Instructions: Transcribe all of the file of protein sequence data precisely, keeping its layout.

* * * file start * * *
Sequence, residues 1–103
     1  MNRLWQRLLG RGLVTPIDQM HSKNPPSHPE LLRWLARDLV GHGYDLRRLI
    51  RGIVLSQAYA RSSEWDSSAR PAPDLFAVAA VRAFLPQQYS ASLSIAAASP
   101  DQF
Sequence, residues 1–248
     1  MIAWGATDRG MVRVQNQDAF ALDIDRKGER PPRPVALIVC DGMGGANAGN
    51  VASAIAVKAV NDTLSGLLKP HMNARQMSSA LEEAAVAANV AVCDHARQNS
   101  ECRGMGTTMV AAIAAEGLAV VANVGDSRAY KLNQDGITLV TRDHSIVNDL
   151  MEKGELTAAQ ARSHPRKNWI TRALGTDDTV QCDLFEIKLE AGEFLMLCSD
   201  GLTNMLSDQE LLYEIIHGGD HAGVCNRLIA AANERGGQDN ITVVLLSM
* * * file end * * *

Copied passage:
Sequence, residues 1–103
     1  MNRLWQRLLG RGLVTPIDQM HSKNPPSHPE LLRWLARDLV GHGYDLRRLI
    51  RGIVLSQAYA RSSEWDSSAR PAPDLFAVAA VRAFLPQQYS ASLSIAAASP
   101  DQF
Sequence, residues 1–248
     1  MIAWGATDRG MVRVQNQDAF ALDIDRKGER PPRPVALIVC DGMGGANAGN
    51  VASAIAVKAV NDTLSGLLKP HMNARQMSSA LEEAAVAANV AVCDHARQNS
   101  ECRGMGTTMV AAIAAEGLAV VANVGDSRAY KLNQDGITLV TRDHSIVNDL
   151  MEKGELTAAQ ARSHPRKNWI TRALGTDDTV QCDLFEIKLE AGEFLMLCSD
   201  GLTNMLSDQE LLYEIIHGGD HAGVCNRLIA AANERGGQDN ITVVLLSM